A brand-new mathematical model that integrates the physics and chemistry of extremely promising lithium-metal batteries has been created by researchers. As a result, this has produced workable, original solutions to a problem that has been associated with deterioration and failure.

Lithium-metal batteries have a lot of potential as next-generation energy storage technology. Compared to lithium-ion batteries, they are lighter, faster at charging, and have a larger energy capacity. However, due to worries about their propensity to overheat and catch fire, commercial usage of such batteries has been restricted to date. One of the primary causes is the development of “dendrites,” which are tiny, metallic trees that appear as lithium metal builds up on the electrodes within the battery.

According to a mathematical model developed by Stanford scientists, dendrite development may be slowed or even prevented by using different electrolytes, the liquid that transports lithium ions between a battery’s two electrodes.

The study especially asks for new electrolyte design strategies that focus on anisotropic materials, which exhibit varying properties depending on their orientation. A good illustration of such a substance is wood, which is more durable when cut with the grain as opposed to the grain. In anisotropic electrolytes, these materials might optimise the intricate interaction between ion transport and interfacial chemistry, reducing the buildup that results in dendrite growth. The researchers claim that some liquid crystals and gels display these desired characteristics.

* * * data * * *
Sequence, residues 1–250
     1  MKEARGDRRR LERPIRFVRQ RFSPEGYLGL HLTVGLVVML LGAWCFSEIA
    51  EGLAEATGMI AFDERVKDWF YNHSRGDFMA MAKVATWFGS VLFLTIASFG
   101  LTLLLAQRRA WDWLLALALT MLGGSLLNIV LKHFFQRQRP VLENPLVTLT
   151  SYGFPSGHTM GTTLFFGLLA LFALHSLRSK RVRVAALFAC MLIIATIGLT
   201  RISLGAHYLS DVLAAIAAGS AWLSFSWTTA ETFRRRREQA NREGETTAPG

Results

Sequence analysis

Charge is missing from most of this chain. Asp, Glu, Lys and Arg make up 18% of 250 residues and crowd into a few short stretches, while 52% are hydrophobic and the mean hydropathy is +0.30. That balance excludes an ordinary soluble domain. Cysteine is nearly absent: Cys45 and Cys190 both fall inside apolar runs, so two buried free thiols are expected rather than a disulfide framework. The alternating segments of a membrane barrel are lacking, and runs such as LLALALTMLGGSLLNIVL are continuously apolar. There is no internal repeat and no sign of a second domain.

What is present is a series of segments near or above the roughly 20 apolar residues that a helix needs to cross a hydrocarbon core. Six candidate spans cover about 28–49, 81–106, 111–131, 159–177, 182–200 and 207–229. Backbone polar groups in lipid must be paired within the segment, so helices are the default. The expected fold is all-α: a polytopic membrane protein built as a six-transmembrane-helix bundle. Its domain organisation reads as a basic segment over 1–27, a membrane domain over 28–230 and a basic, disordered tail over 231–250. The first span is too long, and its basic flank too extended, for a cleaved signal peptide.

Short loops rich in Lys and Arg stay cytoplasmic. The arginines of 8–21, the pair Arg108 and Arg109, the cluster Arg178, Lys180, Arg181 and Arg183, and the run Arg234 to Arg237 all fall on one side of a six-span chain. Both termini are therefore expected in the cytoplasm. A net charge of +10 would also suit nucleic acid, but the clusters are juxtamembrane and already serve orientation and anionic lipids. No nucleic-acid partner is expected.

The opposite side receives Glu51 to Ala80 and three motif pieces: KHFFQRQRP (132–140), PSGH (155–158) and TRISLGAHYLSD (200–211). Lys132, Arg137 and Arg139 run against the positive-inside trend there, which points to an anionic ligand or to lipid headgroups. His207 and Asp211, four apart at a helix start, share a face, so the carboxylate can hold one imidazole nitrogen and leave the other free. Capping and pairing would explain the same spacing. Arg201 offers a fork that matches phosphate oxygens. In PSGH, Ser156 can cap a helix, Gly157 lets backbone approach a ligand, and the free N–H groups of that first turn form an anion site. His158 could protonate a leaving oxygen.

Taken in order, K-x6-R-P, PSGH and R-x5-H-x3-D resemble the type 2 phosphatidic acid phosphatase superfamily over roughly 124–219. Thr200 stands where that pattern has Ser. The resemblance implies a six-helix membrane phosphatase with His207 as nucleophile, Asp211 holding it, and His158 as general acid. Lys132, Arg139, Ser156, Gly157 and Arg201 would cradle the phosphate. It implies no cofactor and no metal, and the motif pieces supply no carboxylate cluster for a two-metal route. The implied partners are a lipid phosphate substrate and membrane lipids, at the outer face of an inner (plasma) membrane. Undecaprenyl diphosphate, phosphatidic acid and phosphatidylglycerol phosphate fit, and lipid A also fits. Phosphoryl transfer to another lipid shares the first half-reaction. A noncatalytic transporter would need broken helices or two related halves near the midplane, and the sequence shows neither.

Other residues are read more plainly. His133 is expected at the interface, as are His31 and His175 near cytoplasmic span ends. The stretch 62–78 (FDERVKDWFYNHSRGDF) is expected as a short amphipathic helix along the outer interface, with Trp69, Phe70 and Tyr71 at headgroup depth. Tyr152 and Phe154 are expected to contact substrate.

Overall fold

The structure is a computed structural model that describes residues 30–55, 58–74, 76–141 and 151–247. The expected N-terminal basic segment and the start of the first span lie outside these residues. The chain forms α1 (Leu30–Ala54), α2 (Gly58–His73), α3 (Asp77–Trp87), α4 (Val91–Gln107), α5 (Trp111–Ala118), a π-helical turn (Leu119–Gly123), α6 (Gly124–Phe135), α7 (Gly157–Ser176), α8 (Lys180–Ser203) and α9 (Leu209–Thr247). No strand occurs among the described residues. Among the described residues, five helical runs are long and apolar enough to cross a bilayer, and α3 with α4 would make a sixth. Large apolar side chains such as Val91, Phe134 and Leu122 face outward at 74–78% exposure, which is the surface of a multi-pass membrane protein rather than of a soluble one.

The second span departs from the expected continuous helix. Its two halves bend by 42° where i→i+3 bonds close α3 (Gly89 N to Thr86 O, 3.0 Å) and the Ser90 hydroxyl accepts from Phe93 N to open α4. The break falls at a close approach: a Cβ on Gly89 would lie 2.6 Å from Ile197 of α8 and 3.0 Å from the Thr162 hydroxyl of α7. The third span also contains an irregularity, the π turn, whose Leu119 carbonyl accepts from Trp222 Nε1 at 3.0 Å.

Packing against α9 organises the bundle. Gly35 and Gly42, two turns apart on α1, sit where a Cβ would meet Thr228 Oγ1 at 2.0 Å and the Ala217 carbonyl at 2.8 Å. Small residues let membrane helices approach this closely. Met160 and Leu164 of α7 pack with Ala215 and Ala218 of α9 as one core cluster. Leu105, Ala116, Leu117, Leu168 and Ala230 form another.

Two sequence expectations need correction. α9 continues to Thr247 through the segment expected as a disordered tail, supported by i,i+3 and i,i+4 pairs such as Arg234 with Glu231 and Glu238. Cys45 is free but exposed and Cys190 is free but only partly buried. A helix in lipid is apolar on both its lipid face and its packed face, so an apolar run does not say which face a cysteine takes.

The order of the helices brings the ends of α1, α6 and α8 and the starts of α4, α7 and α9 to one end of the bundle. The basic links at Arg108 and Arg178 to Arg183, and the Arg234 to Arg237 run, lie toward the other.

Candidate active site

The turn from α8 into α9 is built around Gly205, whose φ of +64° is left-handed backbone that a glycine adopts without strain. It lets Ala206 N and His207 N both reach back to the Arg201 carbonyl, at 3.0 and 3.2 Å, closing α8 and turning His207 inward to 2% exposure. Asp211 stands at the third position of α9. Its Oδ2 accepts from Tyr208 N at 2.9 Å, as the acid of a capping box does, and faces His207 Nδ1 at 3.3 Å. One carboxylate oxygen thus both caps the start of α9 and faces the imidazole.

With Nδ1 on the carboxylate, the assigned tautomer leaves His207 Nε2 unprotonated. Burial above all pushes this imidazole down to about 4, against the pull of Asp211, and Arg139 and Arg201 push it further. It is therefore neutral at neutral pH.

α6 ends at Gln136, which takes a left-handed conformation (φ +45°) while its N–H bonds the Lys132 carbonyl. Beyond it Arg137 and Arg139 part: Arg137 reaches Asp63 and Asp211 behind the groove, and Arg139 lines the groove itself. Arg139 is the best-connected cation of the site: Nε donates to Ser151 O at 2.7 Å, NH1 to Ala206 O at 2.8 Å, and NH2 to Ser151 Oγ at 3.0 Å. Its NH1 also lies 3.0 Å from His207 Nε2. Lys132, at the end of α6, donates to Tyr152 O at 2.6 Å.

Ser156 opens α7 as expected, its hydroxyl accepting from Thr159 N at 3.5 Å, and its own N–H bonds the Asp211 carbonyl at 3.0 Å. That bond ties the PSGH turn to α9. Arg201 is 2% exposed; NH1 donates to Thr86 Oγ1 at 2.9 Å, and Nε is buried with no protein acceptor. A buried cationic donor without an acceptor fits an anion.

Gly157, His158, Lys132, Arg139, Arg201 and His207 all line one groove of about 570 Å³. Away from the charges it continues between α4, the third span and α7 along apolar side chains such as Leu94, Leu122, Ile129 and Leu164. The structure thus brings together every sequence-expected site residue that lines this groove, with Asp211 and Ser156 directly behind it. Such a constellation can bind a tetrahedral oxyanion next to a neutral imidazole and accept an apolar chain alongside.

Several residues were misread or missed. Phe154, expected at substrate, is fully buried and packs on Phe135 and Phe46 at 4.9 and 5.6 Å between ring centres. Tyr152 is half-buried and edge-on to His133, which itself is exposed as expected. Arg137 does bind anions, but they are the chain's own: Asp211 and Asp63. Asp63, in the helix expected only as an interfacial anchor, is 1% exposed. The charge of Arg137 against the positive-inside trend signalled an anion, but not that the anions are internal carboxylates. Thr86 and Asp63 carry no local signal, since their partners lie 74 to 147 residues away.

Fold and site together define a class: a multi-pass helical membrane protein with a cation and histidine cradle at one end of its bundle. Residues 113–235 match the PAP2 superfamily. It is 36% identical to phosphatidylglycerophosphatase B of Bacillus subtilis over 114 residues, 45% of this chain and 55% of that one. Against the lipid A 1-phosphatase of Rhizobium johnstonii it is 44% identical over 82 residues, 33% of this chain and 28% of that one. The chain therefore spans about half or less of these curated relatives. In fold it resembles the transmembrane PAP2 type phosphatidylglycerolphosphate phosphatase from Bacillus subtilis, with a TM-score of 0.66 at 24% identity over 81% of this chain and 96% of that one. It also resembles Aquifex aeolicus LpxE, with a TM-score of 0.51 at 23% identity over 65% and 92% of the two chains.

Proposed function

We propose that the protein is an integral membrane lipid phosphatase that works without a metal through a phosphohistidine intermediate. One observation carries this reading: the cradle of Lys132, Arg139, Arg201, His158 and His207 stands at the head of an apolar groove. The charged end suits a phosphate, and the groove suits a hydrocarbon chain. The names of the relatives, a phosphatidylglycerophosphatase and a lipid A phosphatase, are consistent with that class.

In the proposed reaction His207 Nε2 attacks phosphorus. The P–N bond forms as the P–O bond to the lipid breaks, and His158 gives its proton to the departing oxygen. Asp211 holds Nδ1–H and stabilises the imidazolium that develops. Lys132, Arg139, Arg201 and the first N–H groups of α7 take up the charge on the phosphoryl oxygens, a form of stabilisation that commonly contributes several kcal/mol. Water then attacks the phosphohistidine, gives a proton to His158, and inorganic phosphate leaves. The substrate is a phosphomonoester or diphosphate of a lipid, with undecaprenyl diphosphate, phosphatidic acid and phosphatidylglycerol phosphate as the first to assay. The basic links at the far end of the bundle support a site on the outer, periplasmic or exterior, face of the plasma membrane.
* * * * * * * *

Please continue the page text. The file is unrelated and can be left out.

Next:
Another solution that played a significant role in the study was battery separators, which are membranes that stop electrodes at opposing ends of the battery from touching and short-circuiting. It may be possible to create new kinds of separators with holes that let lithium ions migrate anisotropically back and forth across the electrolyte.

Weiyu Li, a PhD student in energy resources engineering who is co-advised by Professors Daniel Tartakovsky and Hamdi Tchelepi, stated that the goal of the work is to “help guide the design of lithium-metal batteries with longer life duration.” Our mathematical framework takes into account, at the proper scale, the important chemical and physical processes in lithium-metal batteries.

According to study co-author Tchelepi, a professor of energy resources engineering at Stanford’s School of Earth, Energy & Environmental Sciences, “This study provides some of the specific details about the conditions under which dendrites can form, as well as possible pathways for suppressing their growth” (Stanford Earth).